Jul 02

Final thoughts on the USMNT

John Brooks scored the game winner against Ghana. Julian Green scored the only goal against Belgium. The nation was united in their support of the USMNT producing the highest rated soccer matches in US TV history.

Hope and belief were present all across social media. The outrage over Landon Donovan being left off the team seems a long forgotten argument. A wound long scabbed over and healed. It would appear to be very difficult for me to stand behind my statement that Jurgen Klinsmann be relieved of his duties.

In fact, it is difficult. I have always been fond of Klinsmann’s talents and I think he is a remarkable coach. However, I still believe that he should be let go. Not because of the team’s performance or because of any decisions he made in Brazil but because I still believe his decision to leave Landon Donovan off the roster is a sign that he is not the best man for this job.

If the job of coaching the USMNT was just about on the field X’s and O’s then I would not hold this view. But I believe this job is about more than just that. I believe being a member of the USMNT, as a player or a coach, carries with it a responsibility to help grow the sport across the USA. I think the best example I can give in support of this is to compare ourselves to England.

England was eliminated after just two games to the utter disappointment of the country, but nobody doubts that England can produce world class players. Or play beautiful soccer. Or become a powerhouse again. England needs a coach like Klinsmann. Someone who can make the tough roster decisions and bring along the next wave of players.

The USMNT, in contrast, is always under scrutiny for how they play. What did they look like on the field? Did they hold enough possession? Can the United States produce world class strikers? These are the types of questions that follow around the US squad, and frankly, they are fair questions to ask.

Soccer is played differently in the United States and it produces different types of players. Klinsmann’s insistence on elevating European football leagues over the domestic MLS diminishes the home product, therefore damaging the talent development in this country.

Yes, it is wonderful to see foreign nationals like Jermaine Jones, Fabian Johnson, Julian Green and others wear the USA kits with pride and there should absolutely always be a place for them but a reliance on foreign nationals and foreign leagues to build and develop the team does not help with the development of future players here in the USA. If the USMNT is ever going to win the World Cup or just make a deep run beyond the knockout stage there must be an increased effort in the domestic development of players and it cannot be undermined by the head coach of the national team.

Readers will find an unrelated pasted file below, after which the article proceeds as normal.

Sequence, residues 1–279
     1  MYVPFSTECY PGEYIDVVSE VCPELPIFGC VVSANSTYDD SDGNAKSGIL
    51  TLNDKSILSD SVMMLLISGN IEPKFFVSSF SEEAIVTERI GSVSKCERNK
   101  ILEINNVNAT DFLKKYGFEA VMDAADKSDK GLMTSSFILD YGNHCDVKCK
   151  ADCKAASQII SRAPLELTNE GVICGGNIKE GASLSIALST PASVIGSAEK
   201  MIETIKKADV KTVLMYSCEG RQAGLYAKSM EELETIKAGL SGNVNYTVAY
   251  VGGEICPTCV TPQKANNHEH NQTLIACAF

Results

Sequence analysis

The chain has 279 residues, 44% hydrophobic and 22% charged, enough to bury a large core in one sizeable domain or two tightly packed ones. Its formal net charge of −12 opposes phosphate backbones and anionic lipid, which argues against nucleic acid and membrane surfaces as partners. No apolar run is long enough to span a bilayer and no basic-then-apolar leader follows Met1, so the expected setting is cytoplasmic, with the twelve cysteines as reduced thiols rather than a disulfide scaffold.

Example: I find it very unlikely that you could convince me that Mix Diskerud, who saw zero minutes in the World Cup, on the bench for the USMNT was more valuable than having Landon Donovan on the squad. Donovan has been the face of USA soccer for years now and his omission from the team was a big deal. This was not a “passing of the torch” moment. This was a genuine soccer star, one of the few in America, being unceremoniously told to go home. It did not sit well with me then. It does not sit well with me now.

There is also the story of Brek Shea, young MLS/National team star in the making, taking off for the EPL only to be demoted to a second tier club and disappear. Yet, Klinsmann supported that move. The MLS lost a star. Young Americans lost a potential influence and Shea lost his place on the National team.

The landscape of US sports, whether we like it or not, is as much star driven as it is results driven. Without big name players to look up to and watch (in US time zones) there will always be a struggle to produce the next wave of world class players. Sure it is great that Tim Howard is awesome enough to play in the EPL but unless you are already a soccer fan, it is unlikely that you are getting up at six o’clock in the morning to watch him play for Everton.

Clint Dempsey is in Seattle, his game is on in prime time. Dempsey has the bigger influence on the next generation. How big of a star would Jozy Altidore be if he returned to MLS instead of riding the bench in Sunderland? How many kids would be inspired by him and his story?

You may disagree and think that none of this is the head coach’s concern and maybe you are right. Maybe it is not. I just cannot help but think that until you are at the top, you have to keep striving to get there. The USMNT is not one of the best in the world, yet. They could be but it takes time and development.

If that development does not come from the US National Team, then were does it come from? Klinsmann is a very good coach with an excellent mind for the game but I have not seen any interest in this responsibility from him.

Since the firing of Bob Bradley I have always wondered what this team would look like under the leadership of Jason Kreis. While with Real Salt Lake, Kreis showed an ability to run a system that allows players to maximize their potential within the structure of the system. This allowed the team to be greater than the sum of its parts. Something that I think would suit the USMNT very well as the United States continues to grow as a soccer nation.

In the end I will continue to support the team regardless of the head coach, this is just my thoughts on what would be best for the future of American soccer.

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